Posted on: Thursday, February 8, 2007
43 prep football stars sign letters of intent
By Beverly Creamer
In the pre-dawn darkness outside Kapolei Hale, Joseph Dickson stood excitedly with his son, Joseph "Jojo" Dickson Jr., a linebacker for Maui's
Just before 7 a.m. sharp they and 42 other families would share an experience that one father called "way better than Christmas."
On national signing day in
"This is what we worked for," said Dickson Sr., who never got the chance to go to college because he was supporting a young family. Now his son is on the threshold of opportunities he never dreamed of.
"It's an exciting day for us."
In the hubbub of tearful tutus, proud younger brothers and cell-phone photography, 43 strapping young men, most towering over their parents, scrawled signatures on their letters to assure themselves college scholarships.
Their signatures were worth anywhere from about $85,000 at the low end for a Mainland college to $300,000 at the high end — the valuation of four years of education at the U.S. Naval Academy. Two young men were headed in that direction — Aaron Santiago from Kapolei High and Josh Andrews from Mililani High.
Hawai'i is becoming a fertile ground for Mainland recruiters looking for promising young athletes, and yesterday scores across the state — perhaps hundreds — signed letters on the first day of the NCAA signing period at school-sponsored and other ceremonies such as the one in Kapolei.
"It's the competitiveness of the kids — and the Polynesians always wanting to be their best," said Jojo Dickson, who signed with the
'I WANT TO BE A
Many of the players had received numerous offers, and some had a tough time making final choices. While the letters of intent have been arriving over the past few weeks, yesterday was the first day a recruit could sign a national letter of intent, although many already had nonbinding verbal agreements with schools.
Among those struggling to make a decision was Kealakai Maiava of Baldwin High.
Doris Sullivan, director of the Pacific Islands Athletic Alliance, is also a sort of informal matchmaker who helps pair players and colleges, and she had advice at the ready.
"His dad played at
Be a Buffalo, advised Sullivan. "If you get a chance to play in the Big 12, choose the Big 12," she said.
A HUGE WEIGHT LIFTED
For Aaron Dutton of Mililani High, it wasn't until the night before that his letter arrived in the mail, nonchalantly set aside by a younger brother who didn't realize its importance.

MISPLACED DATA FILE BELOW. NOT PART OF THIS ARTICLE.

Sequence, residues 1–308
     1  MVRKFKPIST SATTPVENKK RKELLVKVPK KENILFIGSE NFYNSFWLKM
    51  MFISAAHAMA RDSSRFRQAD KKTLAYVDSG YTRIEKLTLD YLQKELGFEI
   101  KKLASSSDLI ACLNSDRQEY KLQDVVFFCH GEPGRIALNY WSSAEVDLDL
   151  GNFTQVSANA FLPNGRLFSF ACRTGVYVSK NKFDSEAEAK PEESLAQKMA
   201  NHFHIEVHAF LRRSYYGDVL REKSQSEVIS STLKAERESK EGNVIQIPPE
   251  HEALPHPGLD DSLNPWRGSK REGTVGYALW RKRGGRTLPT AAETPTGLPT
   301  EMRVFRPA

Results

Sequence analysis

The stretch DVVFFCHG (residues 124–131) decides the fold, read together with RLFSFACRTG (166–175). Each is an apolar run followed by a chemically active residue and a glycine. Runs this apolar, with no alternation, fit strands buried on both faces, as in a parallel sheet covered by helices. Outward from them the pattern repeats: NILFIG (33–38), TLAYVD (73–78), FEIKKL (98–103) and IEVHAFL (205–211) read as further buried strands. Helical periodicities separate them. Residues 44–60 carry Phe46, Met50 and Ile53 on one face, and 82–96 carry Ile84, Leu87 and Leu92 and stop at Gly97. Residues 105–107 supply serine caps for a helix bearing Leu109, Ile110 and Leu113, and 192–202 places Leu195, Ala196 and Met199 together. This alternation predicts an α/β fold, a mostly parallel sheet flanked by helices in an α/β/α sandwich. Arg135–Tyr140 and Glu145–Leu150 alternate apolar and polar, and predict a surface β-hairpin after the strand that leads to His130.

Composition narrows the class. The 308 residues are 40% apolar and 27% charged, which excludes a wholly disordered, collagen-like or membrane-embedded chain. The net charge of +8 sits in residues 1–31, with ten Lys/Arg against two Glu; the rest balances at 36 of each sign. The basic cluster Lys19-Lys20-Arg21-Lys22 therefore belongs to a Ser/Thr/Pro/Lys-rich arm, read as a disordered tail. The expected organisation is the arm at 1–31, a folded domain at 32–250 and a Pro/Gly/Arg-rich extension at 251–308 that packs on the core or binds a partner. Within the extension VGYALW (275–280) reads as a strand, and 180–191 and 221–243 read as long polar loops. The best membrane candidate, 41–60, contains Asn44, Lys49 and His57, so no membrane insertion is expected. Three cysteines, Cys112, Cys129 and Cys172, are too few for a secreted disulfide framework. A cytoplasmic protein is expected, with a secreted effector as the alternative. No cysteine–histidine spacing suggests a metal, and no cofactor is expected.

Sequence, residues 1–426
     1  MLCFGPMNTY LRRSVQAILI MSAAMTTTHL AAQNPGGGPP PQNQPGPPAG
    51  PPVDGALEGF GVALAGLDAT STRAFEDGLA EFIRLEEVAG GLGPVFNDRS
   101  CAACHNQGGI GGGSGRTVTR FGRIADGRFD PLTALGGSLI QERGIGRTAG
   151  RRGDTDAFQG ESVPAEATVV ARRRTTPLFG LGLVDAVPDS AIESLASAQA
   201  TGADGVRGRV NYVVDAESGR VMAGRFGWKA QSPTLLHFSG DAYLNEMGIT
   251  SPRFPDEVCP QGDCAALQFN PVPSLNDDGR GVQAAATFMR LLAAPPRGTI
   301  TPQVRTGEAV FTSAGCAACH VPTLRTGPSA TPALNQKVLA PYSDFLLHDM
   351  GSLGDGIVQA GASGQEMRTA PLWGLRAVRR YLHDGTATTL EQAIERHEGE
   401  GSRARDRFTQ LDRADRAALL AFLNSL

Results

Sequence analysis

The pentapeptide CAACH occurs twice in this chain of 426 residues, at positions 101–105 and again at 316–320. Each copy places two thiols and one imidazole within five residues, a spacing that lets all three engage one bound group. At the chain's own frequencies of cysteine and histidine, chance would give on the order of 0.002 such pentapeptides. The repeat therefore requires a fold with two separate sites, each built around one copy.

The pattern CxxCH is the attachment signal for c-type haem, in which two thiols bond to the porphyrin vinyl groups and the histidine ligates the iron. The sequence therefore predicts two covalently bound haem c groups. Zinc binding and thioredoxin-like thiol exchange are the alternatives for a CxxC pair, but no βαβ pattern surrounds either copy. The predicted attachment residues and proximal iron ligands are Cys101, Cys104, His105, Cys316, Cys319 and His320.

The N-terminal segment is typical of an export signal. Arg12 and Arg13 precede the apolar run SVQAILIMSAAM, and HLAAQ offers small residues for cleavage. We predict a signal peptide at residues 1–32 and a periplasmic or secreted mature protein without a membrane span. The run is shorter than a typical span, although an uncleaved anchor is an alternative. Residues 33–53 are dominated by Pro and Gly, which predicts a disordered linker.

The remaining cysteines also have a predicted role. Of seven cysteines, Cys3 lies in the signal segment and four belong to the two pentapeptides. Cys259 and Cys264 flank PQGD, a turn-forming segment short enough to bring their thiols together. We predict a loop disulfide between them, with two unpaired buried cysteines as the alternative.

Dutton will attend
"It's like a dream come true," said Aaron's dad, Bill Dutton. "You rear your children and try to make them responsible citizens and this is the payoff."
The elder Dutton said this moment is the culmination of 17 years of family effort, everything from checking their son's homework every night when he was younger to spending more than a week cutting and splicing years of video the family had taken to create a tape that would interest college coaches.
The Duttons made 30 copies and sent them out, an effort that would have cost $2,000 if they hadn't done all the work themselves.
"My son is one of 2,000 kids who play football," Dutton said. "If you want exposure, as a parent you have to do the selling to the coaches and hopefully they'll see something they can develop."
For families, the moment their child signs on the dotted line, a huge weight is lifted. It means tuition and books and housing and fees are taken care of, and parents are assured their child will emerge not just with a shot at the pros maybe, but a college education.
None of that was lost on Tommy Friel as he watched his son Kaneakua grow into a tall and muscular athlete who played tight end for Kamehameha Schools and signed with
For Kaneakua, football was the chance to run, to stay active, to do something he loves. For dad, it was a chance to pay his son's way through college.
"We knew he had the genetics," said his father, a former athlete who married a 6-foot former high school volleyball and basketball star.
For the Eselus, none of that was assured. Tammy and Raymond met when they danced with entertainer Al Harrington's Polynesian revue in the 1980s, she as a hula dancer and he as a fire-wielding knife-dancer.
'I'M READY TO GO'
Football for the kids sounded like a long shot, and through elementary and middle school years, their son, Savai'i, didn't play because he could never get his weight down to make the cut, said his mom.
Only in high school at Moanalua was he finally able to join the team. By then he was a decent bass player, and not bad on the 'ukulele, either. His high school career saw him play Carnegie Hall with the school orchestra in 2005, and when he heads to the University of California-Berkeley in the fall, he'll be packing his instruments along with his jerseys.
The music actually helped the sports, he said.
"They both stress the main values of commitment, trust and leadership," Savai'i Eselus said. "That plays both on the field and off.
"I feel ecstatic now that it's over," he continued, ringed with lei, talking on his cell phone and wearing a cap emblazoned with "Cal" pushed back on his forehead.
"I finally hit that point where I'm taking the next step in my life, and I'm ready to go."
Reach Beverly Creamer at firstname.lastname@example.org.